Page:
New study reveals the scary effects social media is having on teenagers

14 August 2019, 15:30

In the UK, nine out of ten teenagers now use social media
In the UK, nine out of ten teenagers now use social media. Picture: Getty
Alice Dear

By Alice Dear

New research has shown how social media use is disrupting teenager’s sleep and exercise.

Today more than ever, social media plays a huge part in a lot of people’s lives up and down the UK, and across the world.

In fact, in the UK, nine out of ten teenagers now use social media.

The use of social media sites such as Twitter, Instagram and WhatsApp is only rising, as younger and younger children begin to get access to the sites.

READ MORE: Mum slams kids club that put her 10-year-old into a taxi alone

A new study has revealed just how much the time spent on these sites is effecting teenager’s sleep and exercise patterns.

The new research is now calling on parents to ban phones from their teenagers after 10:00pm
The new research is now calling on parents to ban phones from their teenagers after 10:00pm. Picture: Getty

The new research is now calling on parents to ban phones from their teenagers after 10:00pm.

The study was carried out on teenagers in year nine, and asked them how often they checked their social media and how long they were on it for.

51 per cent of girls and 43 per cent of boys from the class said they used their social media platforms more than three times a day.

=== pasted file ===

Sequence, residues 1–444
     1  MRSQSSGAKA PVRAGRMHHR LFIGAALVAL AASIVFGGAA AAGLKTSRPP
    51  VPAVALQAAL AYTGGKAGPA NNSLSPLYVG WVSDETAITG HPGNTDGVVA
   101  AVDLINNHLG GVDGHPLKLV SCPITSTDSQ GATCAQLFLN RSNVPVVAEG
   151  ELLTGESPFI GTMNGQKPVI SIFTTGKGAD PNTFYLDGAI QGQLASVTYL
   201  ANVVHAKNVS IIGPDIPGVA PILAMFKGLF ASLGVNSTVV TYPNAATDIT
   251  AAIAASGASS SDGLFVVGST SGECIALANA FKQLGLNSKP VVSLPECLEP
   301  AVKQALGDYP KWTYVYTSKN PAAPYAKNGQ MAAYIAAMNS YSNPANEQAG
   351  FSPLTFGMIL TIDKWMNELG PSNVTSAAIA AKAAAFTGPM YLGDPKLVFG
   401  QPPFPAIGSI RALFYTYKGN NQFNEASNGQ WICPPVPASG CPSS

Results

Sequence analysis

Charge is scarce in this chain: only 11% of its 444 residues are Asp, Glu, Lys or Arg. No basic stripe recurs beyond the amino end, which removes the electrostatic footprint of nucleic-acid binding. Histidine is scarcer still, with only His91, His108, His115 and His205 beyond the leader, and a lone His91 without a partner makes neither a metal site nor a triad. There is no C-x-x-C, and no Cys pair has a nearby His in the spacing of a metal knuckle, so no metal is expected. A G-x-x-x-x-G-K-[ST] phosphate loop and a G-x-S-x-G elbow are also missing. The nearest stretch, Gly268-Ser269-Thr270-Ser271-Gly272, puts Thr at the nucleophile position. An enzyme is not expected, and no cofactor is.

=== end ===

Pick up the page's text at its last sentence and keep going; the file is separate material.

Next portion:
In year 11, these statistics when us to 69 per cent for boys and 75 per cent for girls.

The negative effects this had on girls included disruption to their sleep, cyber-bulling and lack of exercise
The negative effects this had on girls included disruption to their sleep, cyber-bulling and lack of exercise. Picture: Getty

The results of the research found that the boys and girls who checked their social media platforms this often had poorer mental health, and suffered from more psychological distress.

The negative effects this had on girls included disruption to their sleep, cyber-bulling and lack of exercise.

The boys of the study had the same effect, but not to the same extent.

Russell Viner, the lead author of the study and a professor in adolescent health said: “Parents get tied up in knots about how much their kids are on social media each day.

"But they should worry about how much physical activity and sleep they're getting, because social media is displacing other things."